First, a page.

See the original source for the excellent links related to peak oil. -- As for me, I recall that I first encountered the concept (though not the name) of peak oil one crisp sunny fall weekend at Penn State circa 1968 when for some reason I've forgotten my high school sent up me and a couple other students who were supposed to be good at science to commune with others from around the state. There one Saturday morning in a big lecture hall a professor gave a talk featuring a graph showing projected petroleum projection over a period of two centuries. A steep curve going up, then a steep curve going down. Moment of realization: things cannot go on like this for too much longer, since the oil will run out. Funny how a moment like that can stand out thirty-five years later....
LAZY GUIDE TO NET CULTURE: FEELING PEAKY
By Stewart Kirkpatrick
February 25, 2004
--If you want to appear like you’re at the cutting edge of net culture but can’t be bothered to spend hours online, then never fear. Scotsman.com’s pathetic team of geeks, freaks and gimps will do the hard work for you. While you sip wine, read a book or engage in normal social interaction, they will burn out their retinas staring at badly designed web pages and dodge creeps in chatrooms to prepare for you: Scotsman.com’s lazy guide to net culture.
What will happen when the oil runs out?
It's a question that you don't hear asked very often but the more you think about it the more you realise it's a rather pressing issue.
Oil and gas drive our transport systems; heat our homes; help generate our electricity; are used in the manufacture of many important chemicals and medicines; they even help in food production.
How will we fare when the nice, cheap oil on which our society is built runs out? And when will this happen?
An adviser to the Bush administration on energy matters, Matthew Simmons, has described the problem of cheap oil running out (known as "peak oil") as "the world's biggest serious question." He also fears that the moment of crisis is "at hand." (You can read a transcript of his comments at fromthewilderness.com.)
There's been very little coverage of this issue in the mainstream media, though pieces have appeared over the past couple of years in the Guardian, the Economist and the Christian Science Monitor.
This is one of those instances that shows the divide between traditional media and the internet. While it has hardly registered with the papers and broadcasters (yet) peak oil is a very hot online topic.
I have a Google news alert set up so that whenever an online news source publishes a story containing the words "peak oil" I get notified. There have been three in the past 30 hours -- that's a lot for an issue that's not being picked up by the big boys.
There are also more than 10,000 websites that discuss "peak oil".
Hubbertpeak.com provides a handy guide to what the fuss is about. Named in honour of the geophysicist who identified the phenomenon in the 1950s, the site describes peak oil as the moment of maximum production. That doesn't sound too harmful, does it? We're just being very efficient at getting our fuel.
The problem is that once the peak has passed oil rapidly becomes more and more expensive to produce. The crux of the matter is that the oil won’t run out soon, but the cheap easy-to-get oil will. US oil production peaked in 1970 and is blamed by many for that decade's economic woes. Production in the then USSR peaked in 1987. (You can read a CIA report on this by going to foia.cia.gov/search.asp and searching for document er 77-10147.)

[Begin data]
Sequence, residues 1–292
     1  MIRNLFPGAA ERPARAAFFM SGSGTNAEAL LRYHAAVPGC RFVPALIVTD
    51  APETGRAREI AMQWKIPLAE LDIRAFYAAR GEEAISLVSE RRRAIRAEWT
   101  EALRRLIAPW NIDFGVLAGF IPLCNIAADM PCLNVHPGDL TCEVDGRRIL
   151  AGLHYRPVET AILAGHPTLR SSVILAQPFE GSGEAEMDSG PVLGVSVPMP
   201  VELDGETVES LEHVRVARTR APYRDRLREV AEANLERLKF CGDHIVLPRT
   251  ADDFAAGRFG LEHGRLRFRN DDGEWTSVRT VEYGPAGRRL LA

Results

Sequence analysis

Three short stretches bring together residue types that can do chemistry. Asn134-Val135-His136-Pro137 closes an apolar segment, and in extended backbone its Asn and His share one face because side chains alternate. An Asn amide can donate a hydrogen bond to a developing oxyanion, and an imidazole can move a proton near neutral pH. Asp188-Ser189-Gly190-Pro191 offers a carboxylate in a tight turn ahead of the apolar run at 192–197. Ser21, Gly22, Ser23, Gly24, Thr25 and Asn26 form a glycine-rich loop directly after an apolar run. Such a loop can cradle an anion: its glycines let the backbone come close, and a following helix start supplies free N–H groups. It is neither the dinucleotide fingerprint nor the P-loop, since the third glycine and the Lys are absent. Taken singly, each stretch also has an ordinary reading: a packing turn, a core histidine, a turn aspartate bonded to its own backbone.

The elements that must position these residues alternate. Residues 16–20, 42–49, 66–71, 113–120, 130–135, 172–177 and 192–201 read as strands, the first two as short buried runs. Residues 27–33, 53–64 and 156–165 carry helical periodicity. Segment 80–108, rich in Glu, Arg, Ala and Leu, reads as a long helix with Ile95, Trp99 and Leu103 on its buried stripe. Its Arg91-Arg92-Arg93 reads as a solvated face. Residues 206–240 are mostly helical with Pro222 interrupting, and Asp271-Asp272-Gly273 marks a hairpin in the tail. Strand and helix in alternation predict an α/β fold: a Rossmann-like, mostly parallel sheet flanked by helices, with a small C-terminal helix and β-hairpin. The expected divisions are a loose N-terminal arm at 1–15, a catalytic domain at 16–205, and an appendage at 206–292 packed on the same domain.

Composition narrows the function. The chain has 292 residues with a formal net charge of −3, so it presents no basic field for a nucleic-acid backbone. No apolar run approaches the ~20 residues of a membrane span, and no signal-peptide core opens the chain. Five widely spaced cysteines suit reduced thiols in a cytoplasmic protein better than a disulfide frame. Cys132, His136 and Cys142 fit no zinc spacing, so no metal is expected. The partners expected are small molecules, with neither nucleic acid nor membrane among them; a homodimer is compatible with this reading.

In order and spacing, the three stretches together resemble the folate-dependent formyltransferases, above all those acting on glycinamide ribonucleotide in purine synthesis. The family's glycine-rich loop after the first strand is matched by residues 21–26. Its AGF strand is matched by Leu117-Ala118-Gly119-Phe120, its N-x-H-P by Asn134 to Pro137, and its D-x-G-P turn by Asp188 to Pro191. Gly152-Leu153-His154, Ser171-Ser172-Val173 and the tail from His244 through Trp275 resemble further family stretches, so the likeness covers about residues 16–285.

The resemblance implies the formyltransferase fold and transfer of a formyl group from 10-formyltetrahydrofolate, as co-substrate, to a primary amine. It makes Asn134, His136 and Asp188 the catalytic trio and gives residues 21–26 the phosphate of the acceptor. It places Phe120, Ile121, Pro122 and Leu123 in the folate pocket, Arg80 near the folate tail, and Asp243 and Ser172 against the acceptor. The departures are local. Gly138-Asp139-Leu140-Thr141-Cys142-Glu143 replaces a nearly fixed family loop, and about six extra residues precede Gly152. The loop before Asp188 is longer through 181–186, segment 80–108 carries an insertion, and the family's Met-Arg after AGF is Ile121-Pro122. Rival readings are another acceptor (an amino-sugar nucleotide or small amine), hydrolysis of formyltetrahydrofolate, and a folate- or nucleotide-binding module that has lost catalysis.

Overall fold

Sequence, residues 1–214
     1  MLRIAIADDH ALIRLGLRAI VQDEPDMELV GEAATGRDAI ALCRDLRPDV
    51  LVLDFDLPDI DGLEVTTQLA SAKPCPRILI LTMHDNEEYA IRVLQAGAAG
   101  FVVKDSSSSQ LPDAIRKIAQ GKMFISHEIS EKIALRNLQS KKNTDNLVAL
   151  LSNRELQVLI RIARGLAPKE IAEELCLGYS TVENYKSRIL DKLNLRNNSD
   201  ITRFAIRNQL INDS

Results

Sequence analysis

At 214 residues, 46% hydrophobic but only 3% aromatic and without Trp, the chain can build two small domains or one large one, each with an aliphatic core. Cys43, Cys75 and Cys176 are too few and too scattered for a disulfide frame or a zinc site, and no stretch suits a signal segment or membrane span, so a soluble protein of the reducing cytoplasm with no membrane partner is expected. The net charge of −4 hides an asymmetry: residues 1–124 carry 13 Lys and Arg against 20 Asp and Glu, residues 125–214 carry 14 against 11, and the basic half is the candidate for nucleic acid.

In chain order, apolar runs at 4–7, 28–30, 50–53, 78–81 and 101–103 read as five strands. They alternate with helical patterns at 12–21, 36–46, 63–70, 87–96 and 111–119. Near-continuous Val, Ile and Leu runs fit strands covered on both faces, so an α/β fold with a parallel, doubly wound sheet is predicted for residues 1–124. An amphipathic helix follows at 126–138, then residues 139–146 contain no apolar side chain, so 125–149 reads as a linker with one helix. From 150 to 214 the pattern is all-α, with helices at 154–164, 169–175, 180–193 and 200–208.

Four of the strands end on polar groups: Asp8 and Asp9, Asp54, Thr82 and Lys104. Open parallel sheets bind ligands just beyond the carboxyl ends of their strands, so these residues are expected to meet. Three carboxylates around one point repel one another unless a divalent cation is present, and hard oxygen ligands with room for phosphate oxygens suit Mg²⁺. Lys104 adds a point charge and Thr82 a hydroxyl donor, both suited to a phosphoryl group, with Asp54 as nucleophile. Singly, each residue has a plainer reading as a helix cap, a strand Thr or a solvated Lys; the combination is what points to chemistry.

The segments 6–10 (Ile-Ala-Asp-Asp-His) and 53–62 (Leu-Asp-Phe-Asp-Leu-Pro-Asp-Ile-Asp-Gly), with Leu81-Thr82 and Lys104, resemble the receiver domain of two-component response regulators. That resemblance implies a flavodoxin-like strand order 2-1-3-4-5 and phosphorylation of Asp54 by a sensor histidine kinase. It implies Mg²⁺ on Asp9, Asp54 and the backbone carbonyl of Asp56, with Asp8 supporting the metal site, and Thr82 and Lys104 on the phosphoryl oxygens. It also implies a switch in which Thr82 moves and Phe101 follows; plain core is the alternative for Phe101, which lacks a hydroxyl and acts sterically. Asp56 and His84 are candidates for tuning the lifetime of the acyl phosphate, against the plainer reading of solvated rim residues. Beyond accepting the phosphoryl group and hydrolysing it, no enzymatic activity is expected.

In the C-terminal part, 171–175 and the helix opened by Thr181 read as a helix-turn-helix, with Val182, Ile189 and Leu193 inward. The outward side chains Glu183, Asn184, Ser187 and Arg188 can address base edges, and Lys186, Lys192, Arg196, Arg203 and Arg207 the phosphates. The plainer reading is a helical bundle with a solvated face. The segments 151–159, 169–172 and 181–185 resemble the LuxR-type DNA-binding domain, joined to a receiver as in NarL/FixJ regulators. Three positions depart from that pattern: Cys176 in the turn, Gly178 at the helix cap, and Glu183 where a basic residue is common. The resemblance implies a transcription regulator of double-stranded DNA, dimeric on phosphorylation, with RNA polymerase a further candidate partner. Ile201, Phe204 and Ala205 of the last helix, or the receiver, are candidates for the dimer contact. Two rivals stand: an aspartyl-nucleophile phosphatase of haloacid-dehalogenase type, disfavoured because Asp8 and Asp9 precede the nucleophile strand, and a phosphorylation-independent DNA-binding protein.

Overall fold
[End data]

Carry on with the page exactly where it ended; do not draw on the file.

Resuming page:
More expensive oil will have a dramtic impact, according to the Association for the Study of Peak Oil (peakoil.net) -- a network of scientists, universities, and government departments. Its president, Kjell Aleklett, professor of physics in the Department of Radiation Sciences at Sweden's Uppsala University, believes there is an urgent need to "make the world aware that the party is over."
A colleague of M King Hubbert (as in Hubbert peak) at Shell, Kenneth Deffeyes told an ASPO meeting last year: "After the peak, the world's production of crude oil will fall, never to rise again. The world will not run out of energy, but developing alternative energy sources on a large scale will take at least ten years. In the meantime, there will be chaos in the oil industry, in governments, and national economies."
The ASPO believes conventional oil production will peak by 2010. Mr Deffeyes thinks that will happen in 2004.
Are you scared yet?
If you aren't you will be after visiting lifeaftertheoilcrash.net. It paints a picture of a world plunged into dark chaos, with the four horesemen of the apocalypse taking up residence in your living room.
Heartwarmingly, it also takes peak oil theory and mixes it with analysis of what happens to species who overuse the resources of their environment. Their populations collapse by 90 per cent. The site backs this up with research from dieoff.org that shows that could happen to us, reducing humanity to just 500 million souls.
While I accept that oil prices will go up when production slows, and that this will have serious ramifications, I find the "end of the world as we know it" theory hard to swallow.
However, I am worried by a Pentagon planning document prepared by US Defence Department guru Andrew Marshall which suggests that by 2020 global warming will cause worldwide famines, wars over water, food and energy; the flooding of low-lying countries; and a Siberian climate for the UK.
I like to take these things with a pinch of salt, but just in case I'm going to buy a well-insulated windfarm up a hill in Wester Ross and hope that civilisation collapses before I've paid off the mortgage.